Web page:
examples.
3.
No license, express, implied or otherwise, is granted hereby under any patents, copyrights or other intellectual property rights of Renesas Electronics or others.
4.
You shall not alter, modify, copy, or reverse engineer any Renesas Electronics product, whether in whole or in part. Renesas Electronics disclaims any and all liability for any losses or damages incurred by
5.
Renesas Electronics products are classified according to the following two quality grades: “Standard” and “High Quality”. The intended applications for each Renesas Electronics product depends on the
you or third parties arising from such alteration, modification, copying or reverse engineering.
product’s quality grade, as indicated below.
"Standard":
Computers; office equipment; communications equipment; test and measurement equipment; audio and visual equipment; home electronic appliances; machine tools; personal electronic
equipment; industrial robots; etc.
"High Quality": Transportation equipment (automobiles, trains, ships, etc.); traffic control (traffic lights); large-scale communication equipment; key financial terminal systems; safety control equipment; etc.
Unless expressly designated as a high reliability product or a product for harsh environments in a Renesas Electronics data sheet or other Renesas Electronics document, Renesas Electronics products are
not intended or authorized for use in products or systems that may pose a direct threat to human life or bodily injury (artificial life support devices or systems; surgical implantations; etc.), or may cause
serious property damage (space system; undersea repeaters; nuclear power control systems; aircraft control systems; key plant systems; military equipment; etc.). Renesas Electronics disclaims any and all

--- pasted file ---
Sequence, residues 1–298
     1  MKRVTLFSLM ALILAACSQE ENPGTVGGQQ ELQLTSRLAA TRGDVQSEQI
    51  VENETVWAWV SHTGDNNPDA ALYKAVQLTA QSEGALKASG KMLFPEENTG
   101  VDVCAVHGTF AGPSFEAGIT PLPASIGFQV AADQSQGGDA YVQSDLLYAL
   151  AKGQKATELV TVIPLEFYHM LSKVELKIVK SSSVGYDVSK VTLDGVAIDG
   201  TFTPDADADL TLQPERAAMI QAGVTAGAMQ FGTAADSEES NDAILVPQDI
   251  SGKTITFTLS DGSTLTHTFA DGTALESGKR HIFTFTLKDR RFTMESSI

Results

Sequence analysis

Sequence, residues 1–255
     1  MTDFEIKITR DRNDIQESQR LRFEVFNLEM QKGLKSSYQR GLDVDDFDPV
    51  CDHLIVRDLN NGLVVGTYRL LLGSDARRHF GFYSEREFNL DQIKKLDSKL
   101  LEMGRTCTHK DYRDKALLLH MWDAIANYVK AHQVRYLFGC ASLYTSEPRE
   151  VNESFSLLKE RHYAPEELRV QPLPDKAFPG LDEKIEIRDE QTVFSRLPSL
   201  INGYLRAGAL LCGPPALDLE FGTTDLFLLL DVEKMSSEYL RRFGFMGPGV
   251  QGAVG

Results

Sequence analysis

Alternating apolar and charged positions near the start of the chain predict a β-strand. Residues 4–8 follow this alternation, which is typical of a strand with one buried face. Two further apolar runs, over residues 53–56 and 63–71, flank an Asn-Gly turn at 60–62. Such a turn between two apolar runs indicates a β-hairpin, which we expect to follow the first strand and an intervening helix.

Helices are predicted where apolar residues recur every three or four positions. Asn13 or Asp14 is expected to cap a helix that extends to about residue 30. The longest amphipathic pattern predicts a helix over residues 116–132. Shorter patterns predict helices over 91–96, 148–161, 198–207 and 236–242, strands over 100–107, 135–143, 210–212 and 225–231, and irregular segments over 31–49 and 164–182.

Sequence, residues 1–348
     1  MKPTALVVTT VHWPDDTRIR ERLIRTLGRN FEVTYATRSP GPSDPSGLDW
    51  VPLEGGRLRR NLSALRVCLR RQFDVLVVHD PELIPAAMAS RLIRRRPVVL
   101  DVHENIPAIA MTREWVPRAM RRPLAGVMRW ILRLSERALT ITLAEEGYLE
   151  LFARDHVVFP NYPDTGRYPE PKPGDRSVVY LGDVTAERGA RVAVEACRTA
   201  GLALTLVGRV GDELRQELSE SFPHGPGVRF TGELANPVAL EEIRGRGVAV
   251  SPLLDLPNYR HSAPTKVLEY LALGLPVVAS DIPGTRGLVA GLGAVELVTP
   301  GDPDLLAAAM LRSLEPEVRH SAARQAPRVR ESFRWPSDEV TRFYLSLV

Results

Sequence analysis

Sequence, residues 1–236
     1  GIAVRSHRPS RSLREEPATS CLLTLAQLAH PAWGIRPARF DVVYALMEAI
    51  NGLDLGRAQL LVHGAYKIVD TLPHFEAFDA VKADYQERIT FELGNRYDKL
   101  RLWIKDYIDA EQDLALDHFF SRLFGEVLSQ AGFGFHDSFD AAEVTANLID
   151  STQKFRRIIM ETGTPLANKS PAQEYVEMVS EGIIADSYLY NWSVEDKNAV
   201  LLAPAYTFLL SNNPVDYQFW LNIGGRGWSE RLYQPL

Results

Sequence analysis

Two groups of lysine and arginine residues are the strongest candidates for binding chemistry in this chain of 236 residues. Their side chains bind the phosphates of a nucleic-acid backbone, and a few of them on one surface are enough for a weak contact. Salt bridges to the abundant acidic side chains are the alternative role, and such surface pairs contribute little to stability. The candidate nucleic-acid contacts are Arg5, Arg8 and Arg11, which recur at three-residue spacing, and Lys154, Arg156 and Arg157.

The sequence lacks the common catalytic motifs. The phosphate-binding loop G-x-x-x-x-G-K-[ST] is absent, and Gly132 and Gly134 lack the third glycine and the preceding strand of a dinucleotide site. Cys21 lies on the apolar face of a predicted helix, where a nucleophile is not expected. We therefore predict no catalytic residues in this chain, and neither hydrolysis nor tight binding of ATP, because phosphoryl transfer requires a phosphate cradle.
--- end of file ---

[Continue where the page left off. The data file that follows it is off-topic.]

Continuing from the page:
liability for any damages or losses incurred by you or any third parties arising from the use of any Renesas Electronics product that is inconsistent with any Renesas Electronics data sheet, user’s manual or
other Renesas Electronics document.
6.
When using Renesas Electronics products, refer to the latest product information (data sheets, user’s manuals, application notes, “General Notes for Handling and Using Semiconductor Devices” in the
reliability handbook, etc.), and ensure that usage conditions are within the ranges specified by Renesas Electronics with respect to maximum ratings, operating power supply voltage range, heat dissipation
characteristics, installation, etc. Renesas Electronics disclaims any and all liability for any malfunctions, failure or accident arising out of the use of Renesas Electronics products outside of such specified
ranges.
7.
Although Renesas Electronics endeavors to improve the quality and reliability of Renesas Electronics products, semiconductor products have specific characteristics, such as the occurrence of failure at a
certain rate and malfunctions under certain use conditions. Unless designated as a high reliability product or a product for harsh environments in a Renesas Electronics data sheet or other Renesas
Electronics document, Renesas Electronics products are not subject to radiation resistance design. You are responsible for implementing safety measures to guard against the possibility of bodily injury, injury
or damage caused by fire, and/or danger to the public in the event of a failure or malfunction of Renesas Electronics products, such as safety design for hardware and software, including but not limited to
redundancy, fire control and malfunction prevention, appropriate treatment for aging degradation or any other appropriate measures. Because the evaluation of microcomputer software alone is very difficult
and impractical, you are responsible for evaluating the safety of the final products or systems manufactured by you.
8.
Please contact a Renesas Electronics sales office for details as to environmental matters such as the environmental compatibility of each Renesas Electronics product. You are responsible for carefully and